DDT

Kristin Schafer's blog
By Kristin Schafer,

Last month's groundbreaking DDT study — linking exposure in the womb to increased risk of breast cancer — represents more than an interesting footnote in the story of this legacy pesticide.

Not only is DDT still in our environment more than 40 years after it was banned in the U.S., it also continues to be sprayed inside homes in many African countries as part of malaria control programs — a practice that could be quadrupling the risk, it turns out, of breast cancer among daughters of women exposed to the chemical during pregnancy.

Abou Thiam's blog
By Abou Thiam,

April 25th is World Malaria Day, a time to look back at progress made over the past year in the quest to control this dangerous disease. We also take a look at progress made in the shift toward sustainable, least toxic and effective malaria control tools.

Last year, we marked the day by highlighting on-the-ground successes in Senegal, Kenya and Ethiopia in reducing malaria with community based approaches. This year I join my colleague Dr. Paul Saoke from Physicians for Social Responsibility, Kenya to give our on-the-ground perspective on the path we think malaria control needs to take going forward.

Pesticide Action Network's blog
By Pesticide Action Network,

A recent study links exposure to the insecticide DDT to Alzhiemer’s disease. According to the study, even exposure to DDT decades ago may lead to a person developing the disease later in life.

DDT — a World War II-era pesticide used extensively in the U.S. until it was banned in 1972 — accumulates in people’s bodies and persists for decades. Alzeimer's joins a long list of associated health harms.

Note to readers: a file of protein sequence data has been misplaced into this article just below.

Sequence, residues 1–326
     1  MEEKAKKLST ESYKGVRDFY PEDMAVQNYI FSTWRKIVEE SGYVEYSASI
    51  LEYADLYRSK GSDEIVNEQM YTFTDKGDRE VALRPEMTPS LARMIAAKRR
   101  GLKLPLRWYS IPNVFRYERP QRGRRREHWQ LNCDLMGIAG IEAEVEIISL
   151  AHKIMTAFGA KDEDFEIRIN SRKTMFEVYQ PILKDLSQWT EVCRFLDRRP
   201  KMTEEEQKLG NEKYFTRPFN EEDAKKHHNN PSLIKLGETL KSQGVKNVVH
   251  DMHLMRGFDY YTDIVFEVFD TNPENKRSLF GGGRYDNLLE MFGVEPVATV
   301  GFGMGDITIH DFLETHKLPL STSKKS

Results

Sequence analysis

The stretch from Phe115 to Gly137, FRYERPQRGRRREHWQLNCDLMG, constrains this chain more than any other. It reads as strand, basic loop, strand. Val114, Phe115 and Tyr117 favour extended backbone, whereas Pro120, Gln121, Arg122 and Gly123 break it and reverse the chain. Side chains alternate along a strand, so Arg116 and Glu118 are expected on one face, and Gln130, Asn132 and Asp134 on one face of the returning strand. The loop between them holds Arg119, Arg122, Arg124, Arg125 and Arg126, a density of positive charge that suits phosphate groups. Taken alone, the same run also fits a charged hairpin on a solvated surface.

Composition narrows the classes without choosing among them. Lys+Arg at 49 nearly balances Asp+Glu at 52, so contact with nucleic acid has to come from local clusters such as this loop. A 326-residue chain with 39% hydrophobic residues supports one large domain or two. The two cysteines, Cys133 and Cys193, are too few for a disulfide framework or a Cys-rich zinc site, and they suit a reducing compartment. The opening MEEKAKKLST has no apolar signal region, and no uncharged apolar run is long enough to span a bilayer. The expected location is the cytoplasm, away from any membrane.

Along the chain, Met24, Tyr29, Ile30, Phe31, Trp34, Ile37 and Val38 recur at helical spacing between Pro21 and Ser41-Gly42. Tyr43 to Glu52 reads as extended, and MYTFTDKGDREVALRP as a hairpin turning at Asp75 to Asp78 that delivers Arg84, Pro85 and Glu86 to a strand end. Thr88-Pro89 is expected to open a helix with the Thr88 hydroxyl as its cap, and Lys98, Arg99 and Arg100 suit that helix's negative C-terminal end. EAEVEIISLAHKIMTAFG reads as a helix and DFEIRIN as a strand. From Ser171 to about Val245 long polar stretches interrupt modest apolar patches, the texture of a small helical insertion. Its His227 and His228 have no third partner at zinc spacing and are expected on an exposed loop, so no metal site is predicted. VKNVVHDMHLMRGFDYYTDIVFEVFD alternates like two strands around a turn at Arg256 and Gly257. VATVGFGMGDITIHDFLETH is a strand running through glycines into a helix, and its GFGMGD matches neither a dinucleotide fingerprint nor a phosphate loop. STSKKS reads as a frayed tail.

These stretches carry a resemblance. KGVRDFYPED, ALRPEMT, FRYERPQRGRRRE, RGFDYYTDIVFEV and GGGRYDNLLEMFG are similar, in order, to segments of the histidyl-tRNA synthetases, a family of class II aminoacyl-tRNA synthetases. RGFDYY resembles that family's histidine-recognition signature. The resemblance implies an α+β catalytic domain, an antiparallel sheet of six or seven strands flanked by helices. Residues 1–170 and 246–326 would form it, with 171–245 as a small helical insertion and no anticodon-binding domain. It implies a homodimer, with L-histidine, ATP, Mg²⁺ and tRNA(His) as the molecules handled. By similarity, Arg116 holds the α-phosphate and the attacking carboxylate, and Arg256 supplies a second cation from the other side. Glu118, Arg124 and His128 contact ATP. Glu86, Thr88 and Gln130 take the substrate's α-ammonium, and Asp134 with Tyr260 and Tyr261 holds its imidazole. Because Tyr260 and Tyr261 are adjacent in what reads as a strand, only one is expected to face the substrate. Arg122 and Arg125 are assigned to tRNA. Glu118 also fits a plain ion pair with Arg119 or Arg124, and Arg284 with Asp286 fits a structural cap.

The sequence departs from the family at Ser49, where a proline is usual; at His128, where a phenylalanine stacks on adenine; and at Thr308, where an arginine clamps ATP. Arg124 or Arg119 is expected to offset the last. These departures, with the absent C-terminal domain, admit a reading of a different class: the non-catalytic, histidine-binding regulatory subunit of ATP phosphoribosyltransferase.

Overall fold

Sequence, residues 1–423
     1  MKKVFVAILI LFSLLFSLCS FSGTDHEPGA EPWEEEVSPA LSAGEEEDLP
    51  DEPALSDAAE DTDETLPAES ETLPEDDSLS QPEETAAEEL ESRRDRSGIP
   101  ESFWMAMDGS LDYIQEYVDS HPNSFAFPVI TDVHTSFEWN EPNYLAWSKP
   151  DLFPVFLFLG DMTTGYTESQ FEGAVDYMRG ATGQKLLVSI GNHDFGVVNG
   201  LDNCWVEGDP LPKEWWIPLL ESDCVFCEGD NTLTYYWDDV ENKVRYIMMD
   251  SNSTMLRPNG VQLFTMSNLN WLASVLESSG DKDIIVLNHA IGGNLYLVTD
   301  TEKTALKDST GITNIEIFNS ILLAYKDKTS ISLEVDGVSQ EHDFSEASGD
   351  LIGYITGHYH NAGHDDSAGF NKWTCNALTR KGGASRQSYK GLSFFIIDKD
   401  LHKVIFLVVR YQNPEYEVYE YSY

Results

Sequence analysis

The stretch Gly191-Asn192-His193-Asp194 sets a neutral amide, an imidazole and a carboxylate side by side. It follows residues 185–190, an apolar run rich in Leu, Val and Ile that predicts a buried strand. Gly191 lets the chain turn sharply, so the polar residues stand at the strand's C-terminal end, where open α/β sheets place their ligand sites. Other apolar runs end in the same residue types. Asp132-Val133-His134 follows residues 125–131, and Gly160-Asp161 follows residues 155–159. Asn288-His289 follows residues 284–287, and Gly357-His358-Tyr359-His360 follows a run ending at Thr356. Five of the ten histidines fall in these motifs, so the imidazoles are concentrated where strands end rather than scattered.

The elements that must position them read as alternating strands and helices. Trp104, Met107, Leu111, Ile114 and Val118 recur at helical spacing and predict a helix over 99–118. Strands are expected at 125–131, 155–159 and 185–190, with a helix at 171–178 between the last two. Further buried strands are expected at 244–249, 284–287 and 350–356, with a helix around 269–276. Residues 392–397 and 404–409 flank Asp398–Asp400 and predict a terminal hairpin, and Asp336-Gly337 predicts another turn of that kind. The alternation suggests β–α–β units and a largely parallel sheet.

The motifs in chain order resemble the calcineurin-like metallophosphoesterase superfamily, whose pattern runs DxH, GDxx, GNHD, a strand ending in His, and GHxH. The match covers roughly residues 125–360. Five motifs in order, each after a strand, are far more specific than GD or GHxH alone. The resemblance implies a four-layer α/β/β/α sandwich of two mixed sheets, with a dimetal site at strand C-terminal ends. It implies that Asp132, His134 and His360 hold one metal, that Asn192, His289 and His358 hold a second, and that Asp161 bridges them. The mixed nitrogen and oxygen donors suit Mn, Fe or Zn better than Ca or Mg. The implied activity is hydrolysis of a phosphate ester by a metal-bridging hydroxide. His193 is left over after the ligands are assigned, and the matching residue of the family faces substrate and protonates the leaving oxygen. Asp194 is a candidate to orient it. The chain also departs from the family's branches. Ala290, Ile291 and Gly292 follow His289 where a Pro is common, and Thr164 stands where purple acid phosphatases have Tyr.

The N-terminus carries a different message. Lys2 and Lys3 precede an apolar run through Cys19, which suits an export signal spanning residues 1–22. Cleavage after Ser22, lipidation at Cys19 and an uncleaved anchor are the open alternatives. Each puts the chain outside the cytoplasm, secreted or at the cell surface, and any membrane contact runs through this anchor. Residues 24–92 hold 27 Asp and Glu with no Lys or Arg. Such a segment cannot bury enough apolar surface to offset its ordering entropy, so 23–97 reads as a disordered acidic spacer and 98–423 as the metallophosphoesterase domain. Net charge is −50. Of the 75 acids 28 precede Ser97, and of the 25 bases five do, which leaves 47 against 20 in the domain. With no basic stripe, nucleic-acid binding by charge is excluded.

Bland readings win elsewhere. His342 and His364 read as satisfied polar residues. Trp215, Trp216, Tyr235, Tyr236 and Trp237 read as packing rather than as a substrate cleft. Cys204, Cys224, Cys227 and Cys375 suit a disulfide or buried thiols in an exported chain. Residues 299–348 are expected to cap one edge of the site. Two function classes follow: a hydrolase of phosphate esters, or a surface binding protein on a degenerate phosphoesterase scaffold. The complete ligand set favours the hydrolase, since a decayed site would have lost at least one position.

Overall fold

PAN International's blog
By PAN International,

This year, we mark World Malaria Day by highlighting communities here in Africa that are winning the battle against this deadly disease. Locally-led programs from Senegal to Kenya to Ethiopia are employing malaria control methods that are safe for human health and environmentally sustainable. And it's working.

Over the past decade, our organizations — based in West and East Africa — have watched as global malaria control efforts focused in on a small handful of tactics: indoor spraying of insecticides, insecticide treated bed nets, treatment of malaria cases and preventative treatment for pregnant women. We've also seen the resulting rise of insecticide resistance in mosquitoes and resistance to drugs in humans, along with worrisome health impacts of the insecticides being used.

Pesticide Action Network's blog
By Pesticide Action Network,

This fall's mix of elections and anniversaries has stirred up a hornet's nest of talking heads.

September marks the 50th anniversary of Rachel Carson’s Silent Spring as California is gearing up for a landmark vote on labeling genetically engineered food in November. The combination appears to be a perfect storm for pesticide-promoting pundits.